Correct, although as I said it's VERY rare such a device would fail. But in any case, it's no different to any other component no longer been available - and if you repair electronics (as I did for 46 years) you come across that on a weekly basis.

Also, I noticed that in the footnote to your comment there is a link to WinPicProg, which seems to be a piece of software developed by you for programming various chips. Since you can't use it to fix/replace/programme chips in consumer electronics, as you can't get the code to do it, is the only purpose of it to programme chips for your own personal projects?
Exactly.

However, assuming you can get a blank device, and a programmer to upload to it, you could always try writing your own software for the faulty device - but I suspect that's likely to be extremely difficult.
 

unclejed613

Well-Known Member
Most Helpful Member
usually, what seems to be a chip failure is one of the following: 1) POL (Point of Load) regulator failure (usually the caps go bad)... 2) solder failure, particularly under BGA chips... 3) tin whiskers shorting between pins... i've seen all 3 of these often on the DSP boards of AV receivers, and 99% of the time, they do not cause permanent damage to the chip... replacing the caps, reheating the chip, or brushing the "fuzz" off of flat-pack pins (whichever applies) fixes the problem without replacing the chip. replacing modern controllers, especially BGA chips require hot-air soldering equipment, which is rather expensive.
 

unclejed613

Well-Known Member
Most Helpful Member
However, assuming you can get a blank device, and a programmer to upload to it, you could always try writing your own software for the faulty device - but I suspect that's likely to be extremely difficult.
a lot of Samsung smart devices use open source software, but it's really hard to navigate Samsung's various websites in search of source code... i found the source code for a blu-ray player once, because i wanted to see what was changing between versions... but each device has it's own source code, and it's difficult to track down.... since it's open source, they have to make it available... but nothing in open source licensing says it has to be easy to find....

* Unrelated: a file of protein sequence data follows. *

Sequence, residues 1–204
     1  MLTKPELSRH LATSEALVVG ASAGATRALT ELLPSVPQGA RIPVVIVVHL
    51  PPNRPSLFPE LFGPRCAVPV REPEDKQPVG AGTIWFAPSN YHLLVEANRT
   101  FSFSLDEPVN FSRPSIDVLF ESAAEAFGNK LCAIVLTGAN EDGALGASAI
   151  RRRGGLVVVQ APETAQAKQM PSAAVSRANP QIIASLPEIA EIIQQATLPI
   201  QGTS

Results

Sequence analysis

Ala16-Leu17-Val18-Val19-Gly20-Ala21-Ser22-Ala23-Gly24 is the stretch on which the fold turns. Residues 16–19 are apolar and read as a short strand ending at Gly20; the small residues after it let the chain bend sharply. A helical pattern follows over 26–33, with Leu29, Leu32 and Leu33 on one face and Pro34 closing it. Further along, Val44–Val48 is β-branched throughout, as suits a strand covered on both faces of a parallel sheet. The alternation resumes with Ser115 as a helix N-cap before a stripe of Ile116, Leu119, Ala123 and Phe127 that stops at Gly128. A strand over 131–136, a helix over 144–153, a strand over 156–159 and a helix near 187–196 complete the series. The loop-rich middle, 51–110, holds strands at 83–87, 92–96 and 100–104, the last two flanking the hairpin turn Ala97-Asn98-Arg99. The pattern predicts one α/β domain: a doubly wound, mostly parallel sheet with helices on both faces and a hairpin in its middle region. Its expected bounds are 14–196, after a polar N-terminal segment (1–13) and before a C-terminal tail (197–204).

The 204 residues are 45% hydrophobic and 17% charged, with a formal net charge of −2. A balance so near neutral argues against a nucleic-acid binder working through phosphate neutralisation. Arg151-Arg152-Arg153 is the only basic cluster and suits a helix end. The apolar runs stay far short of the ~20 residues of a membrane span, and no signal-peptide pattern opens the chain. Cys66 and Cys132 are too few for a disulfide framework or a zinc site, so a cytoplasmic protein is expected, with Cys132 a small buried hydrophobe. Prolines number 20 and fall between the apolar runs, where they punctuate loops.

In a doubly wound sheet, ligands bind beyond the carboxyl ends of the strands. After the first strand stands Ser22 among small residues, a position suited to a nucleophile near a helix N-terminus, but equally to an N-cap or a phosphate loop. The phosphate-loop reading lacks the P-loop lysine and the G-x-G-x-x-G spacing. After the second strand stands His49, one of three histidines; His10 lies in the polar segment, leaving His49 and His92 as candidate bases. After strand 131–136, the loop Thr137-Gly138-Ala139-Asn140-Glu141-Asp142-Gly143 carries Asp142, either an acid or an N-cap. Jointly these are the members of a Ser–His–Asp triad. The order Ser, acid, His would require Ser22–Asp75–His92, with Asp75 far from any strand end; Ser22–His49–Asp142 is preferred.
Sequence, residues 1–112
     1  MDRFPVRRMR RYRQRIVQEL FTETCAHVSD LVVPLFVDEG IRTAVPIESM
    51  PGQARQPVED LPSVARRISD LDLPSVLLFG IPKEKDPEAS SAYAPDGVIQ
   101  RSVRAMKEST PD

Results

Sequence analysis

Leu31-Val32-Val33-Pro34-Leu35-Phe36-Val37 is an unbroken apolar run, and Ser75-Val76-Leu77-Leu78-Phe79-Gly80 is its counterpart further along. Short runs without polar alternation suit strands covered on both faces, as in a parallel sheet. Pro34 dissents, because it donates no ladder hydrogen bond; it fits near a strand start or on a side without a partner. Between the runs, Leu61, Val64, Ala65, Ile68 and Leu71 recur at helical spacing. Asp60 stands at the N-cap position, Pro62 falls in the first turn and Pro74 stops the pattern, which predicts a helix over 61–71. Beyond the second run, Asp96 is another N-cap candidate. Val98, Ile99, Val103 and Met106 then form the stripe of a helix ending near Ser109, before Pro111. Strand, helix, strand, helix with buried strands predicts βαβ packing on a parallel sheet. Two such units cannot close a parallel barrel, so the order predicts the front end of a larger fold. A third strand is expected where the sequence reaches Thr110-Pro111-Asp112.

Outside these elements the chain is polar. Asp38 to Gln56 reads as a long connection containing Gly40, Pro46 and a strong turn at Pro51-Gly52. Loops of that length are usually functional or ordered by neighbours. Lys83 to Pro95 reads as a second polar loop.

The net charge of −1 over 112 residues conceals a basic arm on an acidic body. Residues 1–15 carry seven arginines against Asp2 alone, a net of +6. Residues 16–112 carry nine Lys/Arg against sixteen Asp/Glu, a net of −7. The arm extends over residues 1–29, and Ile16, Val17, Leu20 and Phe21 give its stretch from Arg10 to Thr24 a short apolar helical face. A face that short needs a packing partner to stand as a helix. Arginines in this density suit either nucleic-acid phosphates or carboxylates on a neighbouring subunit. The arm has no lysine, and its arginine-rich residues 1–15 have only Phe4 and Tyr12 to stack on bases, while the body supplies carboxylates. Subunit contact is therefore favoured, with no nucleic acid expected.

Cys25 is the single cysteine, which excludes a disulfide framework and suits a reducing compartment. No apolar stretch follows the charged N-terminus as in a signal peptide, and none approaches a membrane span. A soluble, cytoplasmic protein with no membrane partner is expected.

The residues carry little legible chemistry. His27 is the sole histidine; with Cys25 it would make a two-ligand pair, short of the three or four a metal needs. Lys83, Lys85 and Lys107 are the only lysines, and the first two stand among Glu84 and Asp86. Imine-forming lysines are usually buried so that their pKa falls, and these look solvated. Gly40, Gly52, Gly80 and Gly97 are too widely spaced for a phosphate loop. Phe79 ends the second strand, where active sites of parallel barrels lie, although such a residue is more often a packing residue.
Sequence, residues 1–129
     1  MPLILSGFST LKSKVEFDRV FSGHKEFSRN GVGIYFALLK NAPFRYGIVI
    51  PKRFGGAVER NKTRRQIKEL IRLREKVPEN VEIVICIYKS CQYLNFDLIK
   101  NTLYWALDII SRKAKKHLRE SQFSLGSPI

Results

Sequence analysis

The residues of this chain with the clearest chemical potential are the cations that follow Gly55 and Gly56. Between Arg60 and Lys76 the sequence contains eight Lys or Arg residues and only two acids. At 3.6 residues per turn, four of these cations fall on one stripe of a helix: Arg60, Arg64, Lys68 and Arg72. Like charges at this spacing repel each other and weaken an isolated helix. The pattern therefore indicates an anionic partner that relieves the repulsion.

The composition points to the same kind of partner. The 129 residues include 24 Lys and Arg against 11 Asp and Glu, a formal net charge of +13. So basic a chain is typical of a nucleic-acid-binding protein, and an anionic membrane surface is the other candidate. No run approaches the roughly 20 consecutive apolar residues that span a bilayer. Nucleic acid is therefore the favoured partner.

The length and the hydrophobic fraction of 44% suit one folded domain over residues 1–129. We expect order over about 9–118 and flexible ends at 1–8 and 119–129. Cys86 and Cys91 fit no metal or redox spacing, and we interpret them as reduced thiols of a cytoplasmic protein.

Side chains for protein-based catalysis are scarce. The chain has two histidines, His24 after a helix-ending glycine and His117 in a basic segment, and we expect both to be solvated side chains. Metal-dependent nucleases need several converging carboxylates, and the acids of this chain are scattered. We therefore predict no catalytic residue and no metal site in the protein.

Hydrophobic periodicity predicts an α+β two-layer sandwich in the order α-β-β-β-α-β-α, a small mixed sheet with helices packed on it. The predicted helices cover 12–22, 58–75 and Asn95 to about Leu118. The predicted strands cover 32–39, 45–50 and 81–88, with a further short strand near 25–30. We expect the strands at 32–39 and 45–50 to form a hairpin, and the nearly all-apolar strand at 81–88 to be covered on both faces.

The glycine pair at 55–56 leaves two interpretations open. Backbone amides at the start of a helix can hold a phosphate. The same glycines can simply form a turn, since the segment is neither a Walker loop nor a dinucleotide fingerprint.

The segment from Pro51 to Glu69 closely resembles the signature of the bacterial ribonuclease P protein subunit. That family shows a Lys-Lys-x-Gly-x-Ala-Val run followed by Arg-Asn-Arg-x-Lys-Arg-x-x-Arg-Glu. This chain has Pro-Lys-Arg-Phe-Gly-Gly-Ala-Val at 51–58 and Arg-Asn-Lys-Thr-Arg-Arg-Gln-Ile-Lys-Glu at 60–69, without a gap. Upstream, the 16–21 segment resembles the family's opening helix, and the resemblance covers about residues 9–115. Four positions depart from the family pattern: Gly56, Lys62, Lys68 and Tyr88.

Nigel Goodwin

Super Moderator
Most Helpful Member
a lot of Samsung smart devices use open source software, but it's really hard to navigate Samsung's various websites in search of source code... i found the source code for a blu-ray player once, because i wanted to see what was changing between versions... but each device has it's own source code, and it's difficult to track down.... since it's open source, they have to make it available... but nothing in open source licensing says it has to be easy to find....
Generally only portions of the code are open source, so it's usual that you don't have all you need to compile it - assuming you could even source (or afford) the exact correct compiler.
 

crutschow

Well-Known Member
Most Helpful Member
However, both devices are EXTREMELY reliable, and very rarely fail
Generally true.
But I did have a motorized TV lift stand in a cabinet which was electrically programmable for the lift height.
It started lifting erratically, and a search came up with a statement that this lift had the common problem of the EEPROM losing random memory bits after a few years, causing the observed failure.
 

Nigel Goodwin

Super Moderator
Most Helpful Member
Generally true.
But I did have a motorized TV lift stand in a cabinet which was electrically programmable for the lift height.
It started lifting erratically, and a search came up with a statement that this lift had the common problem of the EEPROM losing random memory bits after a few years, causing the observed failure.
Presumably that would just be an external EEPROM?, used to store adjustments and settings, it's been a VERY common fault in TV's since they started using them. Not a problem though, you either replace the chip (always a good idea - and it's just a standard EEPROM) - either with a pre-programmed one (which you can easily program yourself - I had a collection of EEPROM files I had read out of different TV models, as most engineers did), or the replacement part from the manufacturer comes ready programmed. But in many cases, simply fitting a blank EEPROM triggered the micro to download the default settings to it - a rather nice sensible feature :D

Sharp were particularly troublesome, and in their later sets added a 'voting system', where the data was stored three times, and before use the three were compared and if one was different it was rewritten to be the same as the other two. This didn't help, and those sets were just as bad, if not worse, than the previous models.

So an entirely different fault, and cause, and nothing to do with the microcontroller or EPROM/PROM program storage.